Artist’s rendition of a photonic crystal cavity made of gallium phosphide exhibiting strong optomechanical coupling with minimal two-photon absorption and reduced heating. Credit: Simon Hönl, IBM Research
Quantum computers hold the promise of tackling computational problems that our current classical computers will never be able to solve. Leading contenders as the platform for future quantum computers are superconducting/Josephson junction circuits, in which qubits are encoded in microwave photons.
The qubits however are bound to the ultracold environment of a dilution refrigerator to prevent thermal noise from destroying the fragile quantum states. Transferring quantum information to and from computing nodes, even within a quantum data center, will require conversion of the “stationary” superconducting qubits to so-called “flying” qubits – the term used for qubits transmitted between separate locations. Robust optical photons represent a particularly attractive option for flying qubits. In a paper recently published in the peer-reviewed journal Optica, we report on the demonstration of an optomechanical device aimed at creating such a microwave-to-optical quantum link.
To date, one of the most successful approaches to microwave-to-optical transduction utilizes a mechanical system as an intermediary. In this case, the fact that photons possess momentum—light pushes things—is used to excite the motion of a device on a chip that is also connected to a microwave electrical circuit. Photonic devices exploiting such optomechanical coupling are often plagued by the deleterious effects of heating due to absorption of the high-intensity light. Instead of using silicon, the typical material for optomechanics, our group of scientists at IBM Research-Zurich has taken advantage of the exceptional optical properties of gallium phosphide (GaP) to create on-chip integrated devices with strong optomechanical coupling and minimal heating.
Why gallium phosphide (GaP)?
GaP possesses an attractive combination of a large refractive index (n > 3 for vacuum wavelengths up to 4 μm) and a large electronic bandgap (2.26 eV). The former allows light to be confined to a small volume; the latter implies a wide transparency window. There are few materials which exhibit these inherently conflicting properties, as there is typically a tradeoff between index of refraction and bandgap. GaP offers a unique possibility of creating devices with strong light confinement (small mode volumes), transparency into the visible (λvac > 550 nm) and enhanced light-matter interaction. Perhaps most importantly, two-photon absorption at the typical data communication wavelengths of 1310 nm and 1550 nm is dramatically diminished in comparison to silicon photonics, permitting the use of high intensities as may occur in nanophotonic devices.
Scanning electron microscope images of a one-dimensional GaP photonic crystal cavity. (a) Freestanding device with width and height of 542 nm and 300 nm, respectively. (b) Magnification of the central part of the device showing smooth and straight sidewalls.
In our latest work just published in Optica, we have achieved strong optomechanical coupling with a “photonic crystal cavity” made of GaP. The photonic crystal cavity is fabricated with a newly developed process for chip-level integration of GaP devices based on direct wafer bonding onto low-refractive-index substrates. The optomechanical coupling is large enough to permit amplification of the mechanical motion of the structure into the so-called mechanical lasing regime at relatively low optical power.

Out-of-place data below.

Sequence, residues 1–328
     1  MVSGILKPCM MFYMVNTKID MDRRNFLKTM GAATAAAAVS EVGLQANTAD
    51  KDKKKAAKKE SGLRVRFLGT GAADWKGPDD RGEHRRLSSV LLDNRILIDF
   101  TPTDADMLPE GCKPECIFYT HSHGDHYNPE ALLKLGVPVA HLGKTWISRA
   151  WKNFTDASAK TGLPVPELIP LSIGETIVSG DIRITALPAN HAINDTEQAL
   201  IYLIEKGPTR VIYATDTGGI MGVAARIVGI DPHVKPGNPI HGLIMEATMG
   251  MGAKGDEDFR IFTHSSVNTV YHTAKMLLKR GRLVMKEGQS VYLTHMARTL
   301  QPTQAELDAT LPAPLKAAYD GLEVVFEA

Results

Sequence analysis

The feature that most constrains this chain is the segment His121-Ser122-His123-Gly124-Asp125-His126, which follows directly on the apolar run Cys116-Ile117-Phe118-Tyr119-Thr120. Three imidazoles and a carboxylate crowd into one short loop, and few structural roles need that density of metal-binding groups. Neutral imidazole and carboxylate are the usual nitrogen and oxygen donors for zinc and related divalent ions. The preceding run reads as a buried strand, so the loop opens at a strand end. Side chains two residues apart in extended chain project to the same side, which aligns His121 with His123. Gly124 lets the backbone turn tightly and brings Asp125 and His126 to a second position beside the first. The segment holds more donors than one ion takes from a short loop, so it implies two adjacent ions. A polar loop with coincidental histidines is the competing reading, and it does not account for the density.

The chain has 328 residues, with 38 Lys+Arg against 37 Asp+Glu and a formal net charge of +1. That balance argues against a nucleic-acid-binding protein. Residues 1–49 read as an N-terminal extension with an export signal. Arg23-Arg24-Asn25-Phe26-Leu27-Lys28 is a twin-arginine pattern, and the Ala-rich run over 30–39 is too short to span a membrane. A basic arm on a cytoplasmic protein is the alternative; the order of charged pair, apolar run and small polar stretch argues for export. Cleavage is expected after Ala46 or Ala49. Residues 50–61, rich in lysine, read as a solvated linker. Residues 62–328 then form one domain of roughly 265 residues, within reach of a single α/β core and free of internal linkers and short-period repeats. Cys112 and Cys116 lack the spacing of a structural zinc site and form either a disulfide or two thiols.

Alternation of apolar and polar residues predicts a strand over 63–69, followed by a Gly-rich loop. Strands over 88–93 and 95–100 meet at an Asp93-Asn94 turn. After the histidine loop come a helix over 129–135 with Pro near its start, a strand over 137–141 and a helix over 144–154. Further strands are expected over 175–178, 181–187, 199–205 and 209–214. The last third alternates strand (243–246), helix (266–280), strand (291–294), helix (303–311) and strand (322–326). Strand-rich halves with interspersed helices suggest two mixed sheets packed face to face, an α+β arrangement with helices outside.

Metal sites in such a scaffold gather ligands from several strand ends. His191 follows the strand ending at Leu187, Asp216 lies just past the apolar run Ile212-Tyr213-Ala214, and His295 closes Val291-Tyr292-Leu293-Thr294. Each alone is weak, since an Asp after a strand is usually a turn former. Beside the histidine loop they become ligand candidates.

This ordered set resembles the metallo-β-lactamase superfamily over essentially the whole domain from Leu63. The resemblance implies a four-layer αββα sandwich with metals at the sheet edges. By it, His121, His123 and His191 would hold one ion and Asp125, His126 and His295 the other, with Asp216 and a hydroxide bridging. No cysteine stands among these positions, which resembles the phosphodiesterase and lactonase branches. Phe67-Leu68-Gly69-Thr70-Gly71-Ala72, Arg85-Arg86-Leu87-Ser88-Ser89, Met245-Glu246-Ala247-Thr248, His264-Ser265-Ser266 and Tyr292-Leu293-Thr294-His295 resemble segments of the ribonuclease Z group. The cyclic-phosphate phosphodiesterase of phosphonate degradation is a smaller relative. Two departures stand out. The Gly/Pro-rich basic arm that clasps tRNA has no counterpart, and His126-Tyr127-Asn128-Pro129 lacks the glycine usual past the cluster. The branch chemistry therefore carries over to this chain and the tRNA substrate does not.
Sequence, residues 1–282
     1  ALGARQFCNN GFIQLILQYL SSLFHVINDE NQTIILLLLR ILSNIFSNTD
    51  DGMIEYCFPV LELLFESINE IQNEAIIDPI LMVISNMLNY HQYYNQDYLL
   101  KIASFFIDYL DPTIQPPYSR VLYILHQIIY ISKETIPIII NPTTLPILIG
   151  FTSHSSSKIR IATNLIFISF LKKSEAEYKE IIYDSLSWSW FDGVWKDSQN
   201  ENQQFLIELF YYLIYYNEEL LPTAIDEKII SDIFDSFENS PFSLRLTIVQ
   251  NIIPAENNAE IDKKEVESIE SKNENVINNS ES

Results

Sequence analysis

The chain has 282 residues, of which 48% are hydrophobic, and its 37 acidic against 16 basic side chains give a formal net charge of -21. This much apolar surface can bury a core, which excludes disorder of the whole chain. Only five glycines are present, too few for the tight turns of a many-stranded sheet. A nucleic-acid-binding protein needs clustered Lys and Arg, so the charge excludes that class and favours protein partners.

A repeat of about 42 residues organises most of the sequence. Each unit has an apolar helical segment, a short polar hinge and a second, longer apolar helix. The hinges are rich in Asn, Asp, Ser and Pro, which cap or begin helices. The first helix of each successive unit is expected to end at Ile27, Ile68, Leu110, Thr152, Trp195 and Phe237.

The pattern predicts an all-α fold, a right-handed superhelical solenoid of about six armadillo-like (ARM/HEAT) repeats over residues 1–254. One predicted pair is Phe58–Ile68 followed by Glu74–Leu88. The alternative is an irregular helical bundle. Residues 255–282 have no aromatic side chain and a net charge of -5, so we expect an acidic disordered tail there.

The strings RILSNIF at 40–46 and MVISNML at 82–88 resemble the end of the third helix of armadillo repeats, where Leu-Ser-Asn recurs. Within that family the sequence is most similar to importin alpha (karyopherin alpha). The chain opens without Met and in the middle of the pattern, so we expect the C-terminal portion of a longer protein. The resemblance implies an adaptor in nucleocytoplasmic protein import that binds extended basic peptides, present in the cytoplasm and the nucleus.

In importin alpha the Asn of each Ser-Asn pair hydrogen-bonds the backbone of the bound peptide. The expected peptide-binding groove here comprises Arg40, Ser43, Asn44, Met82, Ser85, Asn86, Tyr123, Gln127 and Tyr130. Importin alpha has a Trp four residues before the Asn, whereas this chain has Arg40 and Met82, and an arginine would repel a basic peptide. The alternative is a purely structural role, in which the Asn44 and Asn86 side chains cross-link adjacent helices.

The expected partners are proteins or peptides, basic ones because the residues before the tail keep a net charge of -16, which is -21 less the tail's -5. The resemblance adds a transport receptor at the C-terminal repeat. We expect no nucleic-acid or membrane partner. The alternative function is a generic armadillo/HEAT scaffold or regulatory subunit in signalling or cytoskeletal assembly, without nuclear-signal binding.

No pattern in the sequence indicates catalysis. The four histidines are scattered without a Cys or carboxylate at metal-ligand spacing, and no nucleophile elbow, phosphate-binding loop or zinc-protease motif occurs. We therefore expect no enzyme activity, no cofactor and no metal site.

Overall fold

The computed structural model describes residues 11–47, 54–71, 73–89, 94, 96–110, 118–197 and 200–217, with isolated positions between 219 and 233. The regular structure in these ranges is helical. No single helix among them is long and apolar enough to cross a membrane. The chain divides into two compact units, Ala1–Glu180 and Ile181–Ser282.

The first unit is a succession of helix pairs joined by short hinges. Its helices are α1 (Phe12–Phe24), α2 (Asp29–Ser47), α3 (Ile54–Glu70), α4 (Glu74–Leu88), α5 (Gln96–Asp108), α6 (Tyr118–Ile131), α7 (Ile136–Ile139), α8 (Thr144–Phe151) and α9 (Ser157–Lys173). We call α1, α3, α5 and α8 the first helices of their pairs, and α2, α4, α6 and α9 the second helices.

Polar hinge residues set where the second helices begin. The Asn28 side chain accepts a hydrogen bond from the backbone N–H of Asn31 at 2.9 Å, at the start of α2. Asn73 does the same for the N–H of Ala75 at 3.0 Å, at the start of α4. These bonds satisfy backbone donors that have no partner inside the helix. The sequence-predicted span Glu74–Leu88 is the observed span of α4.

Although mechanical lasing per se is not our goal, its observation provides a clear indication that the coupling is sufficient to easily reach the threshold for realization of quantum-state-transfer protocols.
Moreover, the study confirms that heating due to the high-intensity optical fields in these devices is dramatically reduced. Heating can destroy the coherence of the very quantum states we are trying to manipulate as well as constrain the ability to control these states.
With the observation of efficient optomechanical coupling in GaP devices, we have addressed one half of the challenge of interconverting microwave and optical quantum information. We still need to demonstrate the coupling between microwave qubits and mechanical motion in our devices, for which we intend to take advantage of the piezoelectric properties of GaP.
Nevertheless, this work represents a significant step forward toward the overall objective of developing a quantum-coherent, bidirectional transducer between microwave and optical frequencies for quantum networking. With such networking capability, the power of quantum information processing could be brought to a whole new class of tasks, such as secure data sharing, in addition to linking quantum subsystems.
Five years ago today, the team made history by launching the IBM Quantum Experience, putting the first quantum processor on the IBM Cloud so that anyone could run their own quantum computing experiments.
IBM's quantum systems powered 46 non-IBM presentations in order to help discover new algorithms, simulate condensed matter and many-body systems, explore the frontiers of quantum mechanics and particle physics, and push the field of quantum information science forward overall.